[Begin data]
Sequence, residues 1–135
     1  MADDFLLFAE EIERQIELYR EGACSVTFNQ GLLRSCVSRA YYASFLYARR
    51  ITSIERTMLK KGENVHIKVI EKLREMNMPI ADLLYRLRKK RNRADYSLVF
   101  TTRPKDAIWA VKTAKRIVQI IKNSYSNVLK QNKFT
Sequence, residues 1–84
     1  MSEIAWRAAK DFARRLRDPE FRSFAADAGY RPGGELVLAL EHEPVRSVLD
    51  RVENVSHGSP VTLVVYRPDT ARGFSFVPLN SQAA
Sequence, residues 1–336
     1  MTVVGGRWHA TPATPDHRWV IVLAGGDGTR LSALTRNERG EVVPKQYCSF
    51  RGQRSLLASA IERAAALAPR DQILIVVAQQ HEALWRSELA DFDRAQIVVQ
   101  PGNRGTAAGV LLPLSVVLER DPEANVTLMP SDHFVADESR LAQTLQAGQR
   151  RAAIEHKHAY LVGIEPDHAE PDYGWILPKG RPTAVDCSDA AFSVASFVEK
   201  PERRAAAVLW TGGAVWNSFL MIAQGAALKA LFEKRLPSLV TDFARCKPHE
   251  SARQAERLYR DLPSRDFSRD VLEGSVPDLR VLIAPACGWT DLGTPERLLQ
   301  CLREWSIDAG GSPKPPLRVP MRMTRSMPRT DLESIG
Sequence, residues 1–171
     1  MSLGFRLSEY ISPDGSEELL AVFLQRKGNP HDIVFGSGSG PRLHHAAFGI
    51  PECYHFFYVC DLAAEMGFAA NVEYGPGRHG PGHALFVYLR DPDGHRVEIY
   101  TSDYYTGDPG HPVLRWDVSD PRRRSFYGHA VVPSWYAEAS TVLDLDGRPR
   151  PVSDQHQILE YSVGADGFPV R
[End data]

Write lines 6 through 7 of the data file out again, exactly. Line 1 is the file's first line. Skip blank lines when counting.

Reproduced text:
     1  MSEIAWRAAK DFARRLRDPE FRSFAADAGY RPGGELVLAL EHEPVRSVLD
    51  RVENVSHGSP VTLVVYRPDT ARGFSFVPLN SQAA